A young Gulzar, reclining against a bookshelf, explains a situation to an aspiring playback singer. “Har pati premi ho sakta hai. Har patni premika ho sakti hai. Har makaan ghar ho sakta hai. Lekin aisa hota nahin hai.” The singer’s wife and their friends, a couple, are in attendance. The singer picks up his guitar and starts humming. The couple goes into reveries of their own - the man about a girl from work and his wife about her dream home they plan to buy. Thus begins one of the most underrated Hindi songs ever composed:
Logon ke ghar mein rehta hoon, kab apna koi ghar hoga
Deewaron ki chinta rehti hai, Deewaar mein kab koi dar hoga
Ichchhaon ke bheege chabuk chupke chupke sehta hoon
Dooje ke ghar yun lagta hai, mozey pehne rehta hoon
Nange paon aangan mein kab baithoonga, kab ghar hoga!
Very few Hindi film composers knew the art of taking a backseat when the lyrics were supposed to push the narrative forward. Sachin Dev Burman allowed Sahir’s poetry to breathe in Pyaasa. In this song from Griha Pravesh, Kanu Roy’s minimal composition lets Gulzar do what he does best. And yet the minimal arrangement - a hallmark of Kanu’s music - elevates the song. Griha Pravesh contains other brilliantly evocative compositions, such as Boliye sureeli boliyan, Zindagi phoolon ki nahin and Aap agar aap na hote.
Since the advent of social media and reality television, a curious concept has emerged. Every few years, an ancient, forgotten song re-emerges, and before you know it, everyone on Facebook - and their mothers - are trying to make cover versions. One such song is Geeta Dutt’s Mujhe jaan na kaho meri jaan. Another brilliantly minimal composition by Kanu Roy, this one also features lyrics by Gulzar. Music fans go into raptures whenever the first line falls into their ears. If in Logon ke ghar mein Kanu allowed Gulzar to take the lead, here he allows Geeta Dutt’s voice to dominate the song. What adds to the allure of the song was that it was one her last recordings before she passed away. She had stepped away for a while after her husband’s demise, which devastated her completely. It was with Anubhav that she made a grand comeback.
Legend has it that Kanu Roy made use of just two instruments while recording the song: the sound of raindrops and a curious percussion called the vibraphone. The beautiful - and ironic - fact about Kanu Roy’s music was that this minimalism was often compulsion rather than a deliberate creative choice. In a career spanning 17 years and 8 films, he mostly worked with just one filmmaker. Basu Bhattacharya was known for his parsimonious ways of filmmaking. The kind of cinema he made rarely made any money, so he had to find ingenious ways of making movies without spending a lot on cast & crew. Gulzar saab once managed to get paid Rs.200 for writing a whole film for him. Obviously, he had very meagre resources assigned for recording the songs. While most composers those days had a whole orchestra of musicians and arrangers at their disposal, Kanu Roy was often stuck with just seven or eight players to work with.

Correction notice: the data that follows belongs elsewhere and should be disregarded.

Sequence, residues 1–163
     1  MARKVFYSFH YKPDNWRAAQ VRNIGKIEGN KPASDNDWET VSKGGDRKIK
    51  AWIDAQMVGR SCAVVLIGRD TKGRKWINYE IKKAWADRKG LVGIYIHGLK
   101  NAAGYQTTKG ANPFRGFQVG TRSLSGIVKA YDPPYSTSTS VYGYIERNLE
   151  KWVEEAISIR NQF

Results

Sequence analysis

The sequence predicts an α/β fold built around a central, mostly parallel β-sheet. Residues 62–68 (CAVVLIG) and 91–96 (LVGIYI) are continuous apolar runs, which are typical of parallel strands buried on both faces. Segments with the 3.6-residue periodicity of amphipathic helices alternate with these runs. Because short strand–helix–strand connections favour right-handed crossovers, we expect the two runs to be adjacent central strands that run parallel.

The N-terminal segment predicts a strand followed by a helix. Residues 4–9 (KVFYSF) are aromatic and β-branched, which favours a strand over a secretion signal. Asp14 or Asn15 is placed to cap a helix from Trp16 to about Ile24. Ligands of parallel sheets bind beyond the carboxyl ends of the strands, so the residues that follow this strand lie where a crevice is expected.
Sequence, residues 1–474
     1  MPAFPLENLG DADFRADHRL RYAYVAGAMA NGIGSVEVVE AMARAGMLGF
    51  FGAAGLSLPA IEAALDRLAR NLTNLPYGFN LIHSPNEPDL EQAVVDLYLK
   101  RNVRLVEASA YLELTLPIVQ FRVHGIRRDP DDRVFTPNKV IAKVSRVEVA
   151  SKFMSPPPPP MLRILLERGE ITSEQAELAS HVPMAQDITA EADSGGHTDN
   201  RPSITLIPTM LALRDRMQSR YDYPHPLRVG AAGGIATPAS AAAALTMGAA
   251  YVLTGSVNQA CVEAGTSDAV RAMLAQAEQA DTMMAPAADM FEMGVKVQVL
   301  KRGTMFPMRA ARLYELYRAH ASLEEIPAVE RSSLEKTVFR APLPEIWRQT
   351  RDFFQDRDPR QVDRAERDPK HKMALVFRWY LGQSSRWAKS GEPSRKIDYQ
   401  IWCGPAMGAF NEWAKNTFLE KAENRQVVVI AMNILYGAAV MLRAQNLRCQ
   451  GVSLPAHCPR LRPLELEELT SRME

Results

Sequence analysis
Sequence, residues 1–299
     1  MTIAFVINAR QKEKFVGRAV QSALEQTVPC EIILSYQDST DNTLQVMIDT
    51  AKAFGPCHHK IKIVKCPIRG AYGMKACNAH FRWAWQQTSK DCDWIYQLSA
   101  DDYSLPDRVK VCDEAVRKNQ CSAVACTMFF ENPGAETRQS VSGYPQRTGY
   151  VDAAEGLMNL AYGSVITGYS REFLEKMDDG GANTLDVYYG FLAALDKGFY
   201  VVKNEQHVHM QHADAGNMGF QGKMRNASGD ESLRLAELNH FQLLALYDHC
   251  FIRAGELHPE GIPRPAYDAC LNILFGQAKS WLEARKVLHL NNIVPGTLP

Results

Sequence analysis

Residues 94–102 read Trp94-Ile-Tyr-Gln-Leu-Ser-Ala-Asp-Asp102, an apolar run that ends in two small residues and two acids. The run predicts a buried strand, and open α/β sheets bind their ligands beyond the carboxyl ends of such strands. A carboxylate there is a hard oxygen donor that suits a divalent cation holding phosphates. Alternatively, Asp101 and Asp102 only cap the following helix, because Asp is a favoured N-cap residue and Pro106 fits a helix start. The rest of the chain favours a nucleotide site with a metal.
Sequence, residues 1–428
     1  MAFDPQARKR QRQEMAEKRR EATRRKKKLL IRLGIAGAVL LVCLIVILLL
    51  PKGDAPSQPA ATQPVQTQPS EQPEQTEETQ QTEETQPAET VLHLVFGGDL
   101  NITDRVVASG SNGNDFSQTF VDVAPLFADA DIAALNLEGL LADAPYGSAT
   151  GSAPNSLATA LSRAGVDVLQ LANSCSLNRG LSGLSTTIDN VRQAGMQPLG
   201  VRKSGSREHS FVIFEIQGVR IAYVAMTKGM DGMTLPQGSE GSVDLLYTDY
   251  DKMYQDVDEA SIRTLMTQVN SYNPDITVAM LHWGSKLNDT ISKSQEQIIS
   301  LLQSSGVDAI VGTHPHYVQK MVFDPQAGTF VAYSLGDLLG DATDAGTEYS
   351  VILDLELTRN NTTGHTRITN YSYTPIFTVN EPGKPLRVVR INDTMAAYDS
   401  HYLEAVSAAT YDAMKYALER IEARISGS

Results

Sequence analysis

Gulzar later reminisced in an interview, “I remember there were times when he would literally beg Basu to give him an extra violin or two. Kanu and Basu were great friends too. So whenever Kanu asked for an extra musical instrument, Basu would tell him to get it with his own money. Ab uske paas kahaan paise hote thhe! After much persuasion, Basu would relent about adding another violin or sarod.” This is how that man managed to compose such abiding gems like Aaj ki kali ghata (Uski Kahani), Mujhe jaan na kaho, Mera dil jo mera hota (Anubhav), Machal ke jab bhi ankhon se (Griha Pravesh), Hansne ki chaah ne mujhe kitna rulaya hai and the oh-so-gorgeous Naina hain pyase mere (Aavishkar).
Kanu Roy was always wanting for money. Many sources claim that he was an actor too. The confusion stems from the fact that there was a prolific character actor of the same name, who featured in such movies as Mahal (1949), Kismet (1943), China Town (1963) and Pagla Kahin Ka (1970). But these were two different people. The composer Kanu Roy was an introvert and besides, he wasn’t half as well-to-do as a prolific actor active for more than 30 years should ideally be.
There are just two instances where Kanu made music for someone other than Basu Bhattacharya. The first was for a film called Shyamla, which had its music release in 1979, but later had a theatrical run as Woh Phir Nahi Ayee, two years later. It was a pseudo-arthouse picture about conjugal discord, and seasoned film buffs would find endless amusement in the fact that the film was directed by Joginder Shelly! For the uninitiated, Joginder was the king of campy B-movies, known largely for films like Bindiya Aur Bandook, Ranga Khush, Pandit aur Pathan and Teen Ekkay. Apart from Joginder and Basu Chattacharya, Kanu Roy also worked with a lesser known director called Birendra (Mohanty?) on an obscure film called Mayuri, which came out in 1985. Today no trace can be found of Mayuri (looking for it, one would almost always bump into Sudha Chandran starrer Nache Mayuri), but it is a special album because it had as many as four songs by Nutan - the veteran actress. She had three solos - Mera jeevan ek barfeeli dhara, Mera dil jawaan hai, Yeh kaisi hai khamoshi, and a duet with Amit Kumar, Tum tum na rahe.
Mayuri was Kanu Roy’s swansong. He didn’t have it in himself to go around scouting for work. Basu Bhattacharya was the one who gave him a break, and he stuck with him right till the end. Like many artists of his ilk, Kanu Roy died in penury and relative obscurity.